New Book Explores the Impact of Children on Academic Careers

Babies BookThree scholars have published a new book examining the impact children have on the careers of academic men and women. The book examines how children affect the careers of men and women in the academic world at every level from graduate students to those facing retirement. And the bottom line is that children have a more negative impact on the academic careers of women than is the case for men. For instances, the research found that a women’s income decreases 1 percent for every child they have while men’s incomes are not impacted by their number of children.

The authors explore the family sacrifices women often have to make to get ahead in academia and consider how gender and family interact to affect promotion to full professor, salaries, and retirement. In addition to documenting the problem, the authors offer strategies to transform the university into a family-friendly environment at every career stage.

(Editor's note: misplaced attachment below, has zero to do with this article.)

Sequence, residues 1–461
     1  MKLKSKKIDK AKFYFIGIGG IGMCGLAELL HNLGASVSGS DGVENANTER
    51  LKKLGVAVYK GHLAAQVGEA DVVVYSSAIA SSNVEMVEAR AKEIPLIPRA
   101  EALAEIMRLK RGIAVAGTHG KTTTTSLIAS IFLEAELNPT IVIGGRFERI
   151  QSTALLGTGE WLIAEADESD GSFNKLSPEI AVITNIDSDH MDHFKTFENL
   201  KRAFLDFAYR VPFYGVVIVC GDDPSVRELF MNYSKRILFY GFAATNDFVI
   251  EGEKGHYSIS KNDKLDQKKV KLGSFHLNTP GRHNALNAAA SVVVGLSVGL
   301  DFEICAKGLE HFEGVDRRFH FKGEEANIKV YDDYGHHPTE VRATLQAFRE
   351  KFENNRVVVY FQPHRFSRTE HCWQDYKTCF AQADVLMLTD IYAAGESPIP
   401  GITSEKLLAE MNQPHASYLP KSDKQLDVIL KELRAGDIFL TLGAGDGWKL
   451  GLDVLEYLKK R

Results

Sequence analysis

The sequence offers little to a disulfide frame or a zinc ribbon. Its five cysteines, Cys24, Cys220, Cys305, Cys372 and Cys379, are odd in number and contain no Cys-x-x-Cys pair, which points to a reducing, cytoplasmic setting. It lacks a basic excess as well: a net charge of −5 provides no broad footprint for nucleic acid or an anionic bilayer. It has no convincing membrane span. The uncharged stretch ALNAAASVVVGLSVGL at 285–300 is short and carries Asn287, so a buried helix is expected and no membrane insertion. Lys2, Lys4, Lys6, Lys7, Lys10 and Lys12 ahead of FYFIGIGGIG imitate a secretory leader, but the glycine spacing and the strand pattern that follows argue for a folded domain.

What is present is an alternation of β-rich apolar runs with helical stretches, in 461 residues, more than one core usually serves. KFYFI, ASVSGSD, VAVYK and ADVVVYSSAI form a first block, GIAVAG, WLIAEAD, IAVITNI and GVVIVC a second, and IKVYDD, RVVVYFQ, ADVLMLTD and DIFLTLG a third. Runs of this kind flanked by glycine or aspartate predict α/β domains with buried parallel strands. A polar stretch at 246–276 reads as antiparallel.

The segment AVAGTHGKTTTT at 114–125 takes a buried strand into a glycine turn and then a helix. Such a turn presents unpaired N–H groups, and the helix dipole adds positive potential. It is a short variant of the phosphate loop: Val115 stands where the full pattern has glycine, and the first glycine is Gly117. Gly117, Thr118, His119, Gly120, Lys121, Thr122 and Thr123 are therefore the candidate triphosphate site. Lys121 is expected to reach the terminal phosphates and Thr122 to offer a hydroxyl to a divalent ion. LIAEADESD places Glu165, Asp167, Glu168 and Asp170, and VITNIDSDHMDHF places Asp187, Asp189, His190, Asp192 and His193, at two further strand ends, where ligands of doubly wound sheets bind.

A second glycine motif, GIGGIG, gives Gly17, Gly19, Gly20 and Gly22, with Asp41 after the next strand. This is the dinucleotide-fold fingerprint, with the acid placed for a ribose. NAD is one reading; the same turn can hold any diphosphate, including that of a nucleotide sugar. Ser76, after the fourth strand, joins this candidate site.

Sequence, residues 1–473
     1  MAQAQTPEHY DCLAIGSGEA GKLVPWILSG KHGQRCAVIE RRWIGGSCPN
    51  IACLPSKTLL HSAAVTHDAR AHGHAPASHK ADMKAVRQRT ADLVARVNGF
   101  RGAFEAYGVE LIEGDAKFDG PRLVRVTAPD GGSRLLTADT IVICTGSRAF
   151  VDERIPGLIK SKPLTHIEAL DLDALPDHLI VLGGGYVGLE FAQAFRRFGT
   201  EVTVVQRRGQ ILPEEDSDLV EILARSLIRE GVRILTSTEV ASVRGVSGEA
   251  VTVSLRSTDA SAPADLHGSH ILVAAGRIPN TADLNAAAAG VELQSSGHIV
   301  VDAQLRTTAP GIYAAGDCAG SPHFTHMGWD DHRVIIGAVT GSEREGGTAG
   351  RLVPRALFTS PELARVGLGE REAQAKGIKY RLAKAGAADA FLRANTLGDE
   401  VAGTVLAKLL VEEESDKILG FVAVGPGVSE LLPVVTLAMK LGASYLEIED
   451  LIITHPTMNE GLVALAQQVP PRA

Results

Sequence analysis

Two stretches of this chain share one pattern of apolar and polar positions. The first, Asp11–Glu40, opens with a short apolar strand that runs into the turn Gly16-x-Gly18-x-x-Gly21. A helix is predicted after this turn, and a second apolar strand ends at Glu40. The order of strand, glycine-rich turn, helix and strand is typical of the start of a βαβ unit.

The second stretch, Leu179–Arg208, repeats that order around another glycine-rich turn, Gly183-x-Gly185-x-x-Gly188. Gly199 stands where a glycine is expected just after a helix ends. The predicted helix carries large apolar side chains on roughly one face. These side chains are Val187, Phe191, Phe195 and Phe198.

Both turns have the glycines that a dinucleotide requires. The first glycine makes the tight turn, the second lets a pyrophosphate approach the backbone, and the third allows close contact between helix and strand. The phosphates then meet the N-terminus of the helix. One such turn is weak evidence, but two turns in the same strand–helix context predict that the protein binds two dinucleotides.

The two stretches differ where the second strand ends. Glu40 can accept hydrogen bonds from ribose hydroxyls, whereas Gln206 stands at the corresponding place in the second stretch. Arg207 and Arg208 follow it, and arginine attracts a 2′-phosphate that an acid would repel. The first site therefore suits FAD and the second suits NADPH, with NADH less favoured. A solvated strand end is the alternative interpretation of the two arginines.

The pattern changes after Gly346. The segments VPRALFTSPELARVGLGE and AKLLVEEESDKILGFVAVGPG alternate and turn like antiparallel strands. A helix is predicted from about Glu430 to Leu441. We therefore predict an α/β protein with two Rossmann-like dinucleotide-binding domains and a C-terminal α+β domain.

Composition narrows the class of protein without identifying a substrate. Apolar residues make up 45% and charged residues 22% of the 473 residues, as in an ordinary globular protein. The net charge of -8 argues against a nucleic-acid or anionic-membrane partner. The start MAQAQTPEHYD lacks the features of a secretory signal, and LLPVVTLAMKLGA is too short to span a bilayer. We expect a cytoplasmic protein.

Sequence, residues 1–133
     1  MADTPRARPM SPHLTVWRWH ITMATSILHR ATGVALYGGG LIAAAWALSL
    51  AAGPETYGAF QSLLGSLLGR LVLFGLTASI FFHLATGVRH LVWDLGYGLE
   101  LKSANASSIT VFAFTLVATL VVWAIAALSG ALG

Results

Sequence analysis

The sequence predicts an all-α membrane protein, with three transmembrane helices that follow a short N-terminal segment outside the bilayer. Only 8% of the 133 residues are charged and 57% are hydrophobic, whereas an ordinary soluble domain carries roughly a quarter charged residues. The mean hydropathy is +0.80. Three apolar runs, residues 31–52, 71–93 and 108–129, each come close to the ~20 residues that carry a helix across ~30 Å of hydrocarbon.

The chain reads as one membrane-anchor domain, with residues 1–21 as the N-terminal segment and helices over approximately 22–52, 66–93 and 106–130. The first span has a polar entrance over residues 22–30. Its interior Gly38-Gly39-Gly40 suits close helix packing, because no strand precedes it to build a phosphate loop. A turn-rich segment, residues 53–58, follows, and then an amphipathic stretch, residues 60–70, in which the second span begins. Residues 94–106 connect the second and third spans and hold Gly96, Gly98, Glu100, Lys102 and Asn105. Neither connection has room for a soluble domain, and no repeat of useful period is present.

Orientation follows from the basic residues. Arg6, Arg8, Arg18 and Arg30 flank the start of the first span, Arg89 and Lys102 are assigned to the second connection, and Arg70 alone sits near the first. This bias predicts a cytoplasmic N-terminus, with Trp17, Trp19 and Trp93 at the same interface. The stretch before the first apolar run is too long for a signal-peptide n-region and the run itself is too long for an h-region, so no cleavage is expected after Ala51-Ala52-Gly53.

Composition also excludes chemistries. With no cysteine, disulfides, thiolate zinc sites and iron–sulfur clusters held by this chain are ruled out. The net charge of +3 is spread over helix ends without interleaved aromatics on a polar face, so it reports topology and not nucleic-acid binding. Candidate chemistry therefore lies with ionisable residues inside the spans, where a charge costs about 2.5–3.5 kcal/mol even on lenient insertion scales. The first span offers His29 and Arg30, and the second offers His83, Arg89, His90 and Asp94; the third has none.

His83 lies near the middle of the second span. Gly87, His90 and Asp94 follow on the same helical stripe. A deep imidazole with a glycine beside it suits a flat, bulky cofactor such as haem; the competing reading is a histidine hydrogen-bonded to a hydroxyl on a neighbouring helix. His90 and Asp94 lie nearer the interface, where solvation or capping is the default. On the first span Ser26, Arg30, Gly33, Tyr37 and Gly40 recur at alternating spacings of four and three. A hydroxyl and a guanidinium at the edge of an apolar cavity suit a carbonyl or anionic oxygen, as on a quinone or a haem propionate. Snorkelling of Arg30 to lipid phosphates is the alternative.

The book, Do Babies Matter? Gender and Family in the Ivory Tower (Rutgers University Press), is authored by Mary Ann Mason, professor of law at the University of California at Berkeley, Nicholas Wolfinger, associate professor of sociology at the University of Utah, and Marc Goulden, the director of date initiatives at Berkeley.

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